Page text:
I have been a supervisor for almost five years. During that time, I have read many leadership books and listened to many podcasts. The company I work for even sent me to a small seminar.
All due respect to John Maxwell, but I need a field manual with tactics. Enter retired SEAL Jocko Willink. With Leif Babin, he wrote Extreme Ownership and The Dichotomy of Leadership. Two excellent and highly recommended books, however, not the one I’m talking about.
Leadership Strategy and Tactics: Field Manual
“In the military, a field manual provides instructions in simple, clear, step-by-step language to help soldiers complete their mission. In the civilian sector, books offer information on everything from fixing a leaky faucet to developing an effective workout program to cooking a good steak.
But what if you are promoted into a new position leading your former peers? What if you don’t get selected for the leadership position you wanted? How do you overcome imposter syndrome, when you aren’t sure you should be leading? As a leader, how do you judiciously dole out punishment? What about reward? How do you build trust with your both your superiors and your subordinates? How do you deliver truthful criticism up and down the chain of command in a tactful and positive way?
These are all questions about leadership—the most complex of all human endeavors. And while there are books out there that provide solid leadership principles, books like Extreme Ownership and The Dichotomy of Leadership, there is no leadership field manual that provides a direct, situational, pragmatic how-to guide that anyone can instantly put to use.
Until now. Leadership Strategy and Tactics explains how to take leadership theory, quickly translate that theory into applicable strategy, and then put leadership into action at a tactical level. This book is the solution that leaders at every level need—not just to understand the leadership game, but also how to play the leadership game, and win it.”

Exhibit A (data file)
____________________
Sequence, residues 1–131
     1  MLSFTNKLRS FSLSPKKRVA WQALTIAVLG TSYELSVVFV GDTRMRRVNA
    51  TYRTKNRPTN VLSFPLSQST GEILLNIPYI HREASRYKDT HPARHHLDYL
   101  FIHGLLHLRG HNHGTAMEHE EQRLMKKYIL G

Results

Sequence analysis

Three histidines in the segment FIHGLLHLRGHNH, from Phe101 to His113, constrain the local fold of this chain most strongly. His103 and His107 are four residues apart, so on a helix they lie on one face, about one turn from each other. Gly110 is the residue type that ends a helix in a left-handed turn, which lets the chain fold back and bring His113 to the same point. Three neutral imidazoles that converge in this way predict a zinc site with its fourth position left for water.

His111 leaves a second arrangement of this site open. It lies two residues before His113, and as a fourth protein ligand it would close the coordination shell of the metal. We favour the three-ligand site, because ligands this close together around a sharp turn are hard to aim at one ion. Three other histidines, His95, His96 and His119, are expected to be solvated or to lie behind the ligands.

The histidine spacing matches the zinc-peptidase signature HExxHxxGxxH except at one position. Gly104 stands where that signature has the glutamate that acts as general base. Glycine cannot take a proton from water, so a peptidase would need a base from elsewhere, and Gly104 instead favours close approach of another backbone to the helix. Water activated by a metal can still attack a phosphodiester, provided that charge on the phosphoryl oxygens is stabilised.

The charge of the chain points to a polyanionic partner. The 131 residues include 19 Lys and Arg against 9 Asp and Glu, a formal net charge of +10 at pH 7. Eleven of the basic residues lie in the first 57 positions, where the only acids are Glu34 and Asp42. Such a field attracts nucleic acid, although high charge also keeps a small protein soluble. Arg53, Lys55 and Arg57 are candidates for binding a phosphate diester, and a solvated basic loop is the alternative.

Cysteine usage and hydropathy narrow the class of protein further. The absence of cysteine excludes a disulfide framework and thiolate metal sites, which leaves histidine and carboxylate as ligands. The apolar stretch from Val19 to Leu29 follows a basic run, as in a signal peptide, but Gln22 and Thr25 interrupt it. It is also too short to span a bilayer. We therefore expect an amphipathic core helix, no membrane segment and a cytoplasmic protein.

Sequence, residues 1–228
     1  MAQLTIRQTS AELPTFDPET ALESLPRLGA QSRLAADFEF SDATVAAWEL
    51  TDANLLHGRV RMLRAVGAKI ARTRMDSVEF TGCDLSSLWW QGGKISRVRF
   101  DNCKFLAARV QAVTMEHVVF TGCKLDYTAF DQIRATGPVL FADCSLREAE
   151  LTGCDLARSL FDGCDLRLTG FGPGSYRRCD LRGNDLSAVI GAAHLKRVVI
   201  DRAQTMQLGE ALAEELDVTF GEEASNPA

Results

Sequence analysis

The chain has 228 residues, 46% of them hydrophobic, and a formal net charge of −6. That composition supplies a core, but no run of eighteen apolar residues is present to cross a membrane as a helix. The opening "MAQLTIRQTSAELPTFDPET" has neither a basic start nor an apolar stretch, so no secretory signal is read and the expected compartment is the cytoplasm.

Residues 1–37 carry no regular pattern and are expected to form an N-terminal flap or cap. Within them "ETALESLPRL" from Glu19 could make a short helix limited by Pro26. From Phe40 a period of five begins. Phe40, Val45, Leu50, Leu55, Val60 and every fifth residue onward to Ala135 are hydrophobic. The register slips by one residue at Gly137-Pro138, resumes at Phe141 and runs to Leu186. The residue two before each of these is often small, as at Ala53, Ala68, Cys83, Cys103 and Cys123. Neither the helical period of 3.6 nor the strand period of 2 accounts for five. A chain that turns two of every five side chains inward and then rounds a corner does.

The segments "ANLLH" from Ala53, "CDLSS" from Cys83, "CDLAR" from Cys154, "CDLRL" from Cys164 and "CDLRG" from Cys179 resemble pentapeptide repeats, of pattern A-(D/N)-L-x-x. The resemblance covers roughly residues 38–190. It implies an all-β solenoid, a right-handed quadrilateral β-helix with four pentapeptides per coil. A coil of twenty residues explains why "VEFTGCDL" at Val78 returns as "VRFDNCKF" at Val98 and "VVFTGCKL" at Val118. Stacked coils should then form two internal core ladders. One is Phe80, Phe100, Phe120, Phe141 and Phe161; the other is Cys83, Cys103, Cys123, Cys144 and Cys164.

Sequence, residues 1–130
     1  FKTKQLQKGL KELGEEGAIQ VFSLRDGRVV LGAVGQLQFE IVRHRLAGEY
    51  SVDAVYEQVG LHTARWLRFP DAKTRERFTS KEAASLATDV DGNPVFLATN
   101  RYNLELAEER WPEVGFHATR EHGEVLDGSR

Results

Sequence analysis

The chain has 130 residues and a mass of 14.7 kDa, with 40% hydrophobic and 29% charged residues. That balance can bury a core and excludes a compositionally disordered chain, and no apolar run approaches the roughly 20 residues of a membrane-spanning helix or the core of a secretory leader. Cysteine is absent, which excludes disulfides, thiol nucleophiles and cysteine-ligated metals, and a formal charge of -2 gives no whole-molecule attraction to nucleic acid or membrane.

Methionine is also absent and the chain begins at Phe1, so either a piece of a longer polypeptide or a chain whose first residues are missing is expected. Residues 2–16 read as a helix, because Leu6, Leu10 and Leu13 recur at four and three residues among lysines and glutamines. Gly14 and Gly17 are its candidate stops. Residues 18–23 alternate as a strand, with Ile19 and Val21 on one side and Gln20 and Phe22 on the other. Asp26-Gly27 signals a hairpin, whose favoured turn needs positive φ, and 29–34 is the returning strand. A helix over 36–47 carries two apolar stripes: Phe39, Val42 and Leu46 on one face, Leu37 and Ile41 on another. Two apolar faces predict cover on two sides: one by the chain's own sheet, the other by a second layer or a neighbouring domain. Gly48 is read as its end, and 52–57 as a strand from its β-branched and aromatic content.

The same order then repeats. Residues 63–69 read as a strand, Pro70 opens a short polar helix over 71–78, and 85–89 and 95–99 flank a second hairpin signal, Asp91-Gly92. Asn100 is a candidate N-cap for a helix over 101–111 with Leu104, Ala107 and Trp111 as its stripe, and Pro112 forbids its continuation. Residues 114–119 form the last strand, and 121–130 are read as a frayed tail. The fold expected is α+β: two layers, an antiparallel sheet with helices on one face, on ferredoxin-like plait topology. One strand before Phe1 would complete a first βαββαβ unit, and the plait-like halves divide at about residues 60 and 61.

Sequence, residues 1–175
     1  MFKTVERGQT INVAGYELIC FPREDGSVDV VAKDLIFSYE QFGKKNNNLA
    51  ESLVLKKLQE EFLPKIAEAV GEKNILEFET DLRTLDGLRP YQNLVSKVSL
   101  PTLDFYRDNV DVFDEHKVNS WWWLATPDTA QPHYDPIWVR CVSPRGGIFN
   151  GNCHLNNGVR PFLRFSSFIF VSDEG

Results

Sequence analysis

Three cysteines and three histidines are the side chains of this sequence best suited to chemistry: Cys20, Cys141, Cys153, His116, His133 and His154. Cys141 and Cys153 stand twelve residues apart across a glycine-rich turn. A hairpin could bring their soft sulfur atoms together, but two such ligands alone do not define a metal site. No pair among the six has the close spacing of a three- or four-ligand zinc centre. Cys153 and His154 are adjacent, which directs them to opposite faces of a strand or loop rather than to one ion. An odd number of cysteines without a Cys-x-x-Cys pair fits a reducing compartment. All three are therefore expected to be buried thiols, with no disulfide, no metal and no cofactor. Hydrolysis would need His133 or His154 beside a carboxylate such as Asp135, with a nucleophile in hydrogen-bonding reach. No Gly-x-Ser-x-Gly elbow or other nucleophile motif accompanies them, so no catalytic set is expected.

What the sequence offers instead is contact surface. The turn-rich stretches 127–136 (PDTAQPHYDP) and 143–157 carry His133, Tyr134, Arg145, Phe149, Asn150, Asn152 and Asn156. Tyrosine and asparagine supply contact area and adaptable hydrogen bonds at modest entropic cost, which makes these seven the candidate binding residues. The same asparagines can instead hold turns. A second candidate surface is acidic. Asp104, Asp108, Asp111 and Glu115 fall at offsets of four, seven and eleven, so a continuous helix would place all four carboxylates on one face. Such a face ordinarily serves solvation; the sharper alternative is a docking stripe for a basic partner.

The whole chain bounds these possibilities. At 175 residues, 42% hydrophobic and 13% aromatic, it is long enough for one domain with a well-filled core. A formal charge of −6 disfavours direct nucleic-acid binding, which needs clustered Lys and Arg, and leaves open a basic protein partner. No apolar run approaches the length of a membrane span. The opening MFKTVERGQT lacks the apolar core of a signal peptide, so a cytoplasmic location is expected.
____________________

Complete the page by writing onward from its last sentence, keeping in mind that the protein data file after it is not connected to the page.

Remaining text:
If I create my own Cliff Notes for a book in Google Docs, I know it’s a good book. That’s what I did for this one, and it’s thirteen pages long. I had to make a table of contents for it.
One note I made in the book was simply “Me” when I read this passage.
“Some people worry they aren’t ready for a leadership position. Some even feel once in that position that they don’t deserve to be there. These anxieties are often described as imposter syndrome. But while some people worry about this feeling, I actually believe it can be a good thing. If you are worried that you aren’t ready for a leadership position, that means you are humble. If you are nervous, it means you are going to do your best to prepare for the leadership role, and once in it, you are going to be thoughtful about your words, actions, and decisions. All these things are positive.”
It’s okay to feel unsure. That helped.
Another quote I read was, “There are some leaders who think apologizing is a sign of weakness, but that is usually because they are weak and insecure about their leadership position.”
I simply wrote beside it, “Gibbs was wrong.” Is that blasphemy?
One take away I took away and applied immediately was how to get the team to take ownership of the job.
With a furlough at work, job positions had changed, manpower was at a premium, and we still had orders to fill. There was griping and complaining.
By then, I read the book and put a tactic into action. I let the guys make the plan and then endorsed it. It got the job done.
It didn’t matter that it wasn’t my grand plan. It worked. The team owned it. Jocko is all about extreme ownership.
My Goodreads review was 5 out of 5 stars and this simple comment, “It should be required reading for anyone in a leadership role.”